Following extensive flooding in southwestern Newfoundland, researchers focused on a nearby community to determine how to best prepare Canadians for natural disasters.
Bay St. George is one of five locations across the country selected by the Canadian Red Cross and the University of Waterloo for its project on the impact of forest fires, earthquakes and floods.
Richmond, BC; Thompson, Man .; and Ottawa are among other sites chosen to study what the team calls âinclusive resilienceâ to disasters.
âNot everyone reacts to disasters the same,â said Julie Wright, a researcher at the University of Waterloo. “Some people need more emergency support than others.”
The team is specifically looking at particular demographic groups. Women, the elderly and indigenous peoples all meet their criteria, she explains.
They want to examine the resilience of each group to disasters; that is, the ability of various people within a community to prepare for and respond to risky events.
âEven what we’re seeing just from the weather for the last few days, people are realizing that it wouldn’t take much for any of these areas to be quickly cut off by flooding,â Dan Bedell said. , spokesperson for the Red Cross.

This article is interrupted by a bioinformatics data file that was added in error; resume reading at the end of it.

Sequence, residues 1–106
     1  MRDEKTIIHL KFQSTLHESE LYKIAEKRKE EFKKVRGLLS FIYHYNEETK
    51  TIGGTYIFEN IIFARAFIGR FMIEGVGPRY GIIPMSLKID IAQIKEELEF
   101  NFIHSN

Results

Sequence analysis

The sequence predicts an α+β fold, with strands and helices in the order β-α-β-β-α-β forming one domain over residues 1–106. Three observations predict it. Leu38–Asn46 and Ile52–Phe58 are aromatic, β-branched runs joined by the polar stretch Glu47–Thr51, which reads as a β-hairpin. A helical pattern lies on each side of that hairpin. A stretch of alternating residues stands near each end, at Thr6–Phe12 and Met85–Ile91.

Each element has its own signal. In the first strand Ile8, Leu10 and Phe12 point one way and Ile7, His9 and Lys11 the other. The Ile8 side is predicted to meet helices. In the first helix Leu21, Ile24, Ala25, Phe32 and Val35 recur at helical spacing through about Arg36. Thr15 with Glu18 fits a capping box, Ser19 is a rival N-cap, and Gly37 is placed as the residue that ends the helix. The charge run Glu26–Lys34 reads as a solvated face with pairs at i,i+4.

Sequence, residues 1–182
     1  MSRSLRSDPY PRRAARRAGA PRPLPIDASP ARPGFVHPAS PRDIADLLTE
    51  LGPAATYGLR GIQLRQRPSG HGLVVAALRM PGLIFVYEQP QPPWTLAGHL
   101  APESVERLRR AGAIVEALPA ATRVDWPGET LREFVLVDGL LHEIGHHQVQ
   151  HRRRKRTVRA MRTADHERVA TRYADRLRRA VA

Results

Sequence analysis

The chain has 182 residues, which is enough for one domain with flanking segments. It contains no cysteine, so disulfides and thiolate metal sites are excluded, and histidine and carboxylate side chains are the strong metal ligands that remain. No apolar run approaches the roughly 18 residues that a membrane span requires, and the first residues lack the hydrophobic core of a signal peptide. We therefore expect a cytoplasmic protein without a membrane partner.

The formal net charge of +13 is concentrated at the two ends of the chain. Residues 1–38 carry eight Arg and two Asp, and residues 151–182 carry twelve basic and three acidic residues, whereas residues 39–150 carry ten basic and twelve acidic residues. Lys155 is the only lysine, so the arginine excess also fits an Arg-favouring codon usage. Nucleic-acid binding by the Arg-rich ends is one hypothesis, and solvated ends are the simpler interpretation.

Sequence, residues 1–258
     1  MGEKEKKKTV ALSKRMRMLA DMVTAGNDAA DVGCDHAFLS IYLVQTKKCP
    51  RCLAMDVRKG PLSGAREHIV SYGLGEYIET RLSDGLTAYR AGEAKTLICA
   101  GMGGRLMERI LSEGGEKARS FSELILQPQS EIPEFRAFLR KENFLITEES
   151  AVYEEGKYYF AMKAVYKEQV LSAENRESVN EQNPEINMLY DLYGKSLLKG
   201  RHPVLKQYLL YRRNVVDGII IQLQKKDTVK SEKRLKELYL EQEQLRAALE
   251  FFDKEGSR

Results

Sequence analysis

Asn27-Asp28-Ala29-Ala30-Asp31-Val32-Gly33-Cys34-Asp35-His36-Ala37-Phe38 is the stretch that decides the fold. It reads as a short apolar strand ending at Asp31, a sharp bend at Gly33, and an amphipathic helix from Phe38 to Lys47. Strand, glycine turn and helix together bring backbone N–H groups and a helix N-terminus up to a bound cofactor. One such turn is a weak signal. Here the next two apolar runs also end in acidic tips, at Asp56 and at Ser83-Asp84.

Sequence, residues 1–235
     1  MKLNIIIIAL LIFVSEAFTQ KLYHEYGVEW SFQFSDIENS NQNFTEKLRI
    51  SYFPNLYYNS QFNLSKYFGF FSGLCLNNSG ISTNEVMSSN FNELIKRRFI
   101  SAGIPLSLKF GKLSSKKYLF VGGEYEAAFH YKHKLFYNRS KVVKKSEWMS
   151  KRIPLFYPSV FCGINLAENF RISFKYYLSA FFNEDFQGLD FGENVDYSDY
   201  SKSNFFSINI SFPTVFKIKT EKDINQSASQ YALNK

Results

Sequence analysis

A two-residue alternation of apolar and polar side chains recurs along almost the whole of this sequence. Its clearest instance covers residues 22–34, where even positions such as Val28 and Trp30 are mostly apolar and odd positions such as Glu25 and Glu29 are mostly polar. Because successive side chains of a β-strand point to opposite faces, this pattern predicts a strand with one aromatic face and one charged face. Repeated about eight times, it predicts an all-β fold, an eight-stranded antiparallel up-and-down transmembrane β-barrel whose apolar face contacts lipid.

At the end of last month, record-breaking precipitation swept over portions of the Trans-Canada Highway, stranding residents of rural southwestern Newfoundland and submerging communities underwater.
Bedell says the project aims to understand how to better prepare people for events like this.
The Red Cross often responds to disasters after the fact.
“But we are also very involved in disseminating the preparedness messages, so that people are aware of the risks in their region,” he said.
The team will organize focus groups to eventually develop this targeted message and determine the most effective way to teach residents how to prepare for future storms.
âWhich message resonates best with you? Bedell asked. “We want people to hear and respond to the news, to be motivated by it.”
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